Harper pledges renewal of cancer agency's mandate, funding if re-elected
Conservative leader Stephen Harper holds a rally in Winnipeg on Thursday, August 13, 2015. THE CANADIAN PRESS/Sean Kilpatrick
Stephanie Levitz, The Canadian Press
Published Saturday, August 29, 2015 7:11PM EDT
Last Updated Saturday, August 29, 2015 10:57PM EDT
OTTAWA -- A quiet day on the federal election campaign saw the Conservatives promise to continue funding an agency devoted to combating cancer while the Liberals and New Democrats talked about repealing Conservative citizenship and terrorism laws.
The Conservatives announced Saturday that the Canadian Partnership Against Cancer would be given a renewed five-year mandate and $50 million a year beginning in 2017 if they form government.
The organization was set up by the Conservative government in 2006 to implement a Canadian strategy for cancer control.
Its funding and mandate have been renewed twice already, with the current term and cash set to run out in 2017.
The group focuses on improving access to cancer screening and detection, especially in vulnerable populations like First Nations communities, as well as on improving patient care and on data collection.
Saturday's pledge is the first foray into health care policy the Conservatives have made since the campaign began in August.
It came as Harper was spending the weekend out of the public eye, and the low key nature of the pledge perhaps underscores an issue raised by the Canadian Cancer Society ahead of the election -- that health care is no longer seen as a top priority on the national agenda.
The society says the Conservative government had taken some positives steps, like the partnership, but there were a lot of missed opportunities.
"What's left is cheque book federalism: Ottawa takes in and ships out billions of tax dollars for health care but without setting clear national objectives for its investments or effectively measuring their impact," the society said in a report laying out recommendations for the federal party platforms.
The cancer society welcomed the Conservative announcement, issuing a statement saying cancer is a "national health challenge that demands national solutions."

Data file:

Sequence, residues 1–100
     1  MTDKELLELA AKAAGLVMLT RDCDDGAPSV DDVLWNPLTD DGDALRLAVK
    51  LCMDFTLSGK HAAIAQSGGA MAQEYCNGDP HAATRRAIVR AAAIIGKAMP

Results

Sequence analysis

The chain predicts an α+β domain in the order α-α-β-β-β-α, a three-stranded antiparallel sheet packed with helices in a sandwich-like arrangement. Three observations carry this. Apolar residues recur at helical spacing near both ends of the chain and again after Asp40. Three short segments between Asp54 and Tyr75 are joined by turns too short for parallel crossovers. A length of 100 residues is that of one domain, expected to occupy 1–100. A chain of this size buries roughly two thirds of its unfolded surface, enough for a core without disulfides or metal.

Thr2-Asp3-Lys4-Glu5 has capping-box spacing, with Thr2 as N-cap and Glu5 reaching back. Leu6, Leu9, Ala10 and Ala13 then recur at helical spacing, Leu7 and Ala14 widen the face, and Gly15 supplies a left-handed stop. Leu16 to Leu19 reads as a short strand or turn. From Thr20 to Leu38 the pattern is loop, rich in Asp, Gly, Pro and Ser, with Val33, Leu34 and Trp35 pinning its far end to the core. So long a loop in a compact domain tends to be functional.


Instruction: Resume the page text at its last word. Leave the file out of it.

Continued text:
The year the partnership will have its funding renewed is the same year as a Conservative government would start using a new formula to determine how much money it will transfer to the provinces for health care, tying the increases to economic and population growth but promising it would never fall below three per cent a year.
The transfers have become a political hot button this campaign.
The Liberals have said their infrastructure program would require taking the country into deficit and the Conservatives' political rebuttal is to seek to remind people the last Liberal government slashed its a deficit by cutting those health payments.
Liberal leader Justin Trudeau was the only major party leader on the campaign trail on Saturday, spending his time in the Greater Toronto Area.
Trudeau says a Liberal administration would repeal the Conservative government's citizenship law so all citizens are treated equally.
Trudeau told an Islamic conference in Mississauga that "Liberals believe in a Canada that is united -- strong not in spite of its differences, but precisely because of them."
Mulcair has also promised to repeal the Conservative citizenship legislation, which would allow the government to revoke citizenship for anyone convicted of terrorism, treason or espionage offences inside or outside of Canada. The rules also apply to dual citizens who take up arms against Canada by fighting in a foreign army or joining an international terrorist organization.
The Conservatives have maintained the law is needed to combat terrorism.
Mulcair was also off the campaign trail, but the New Democrats put up two of their Toronto candidates to assail the Conservatives' anti-terrorism law and attack the Liberals for supporting it.
The New Democrats say if elected they'll repeal the legislation, which gives intelligence and security agencies greater powers.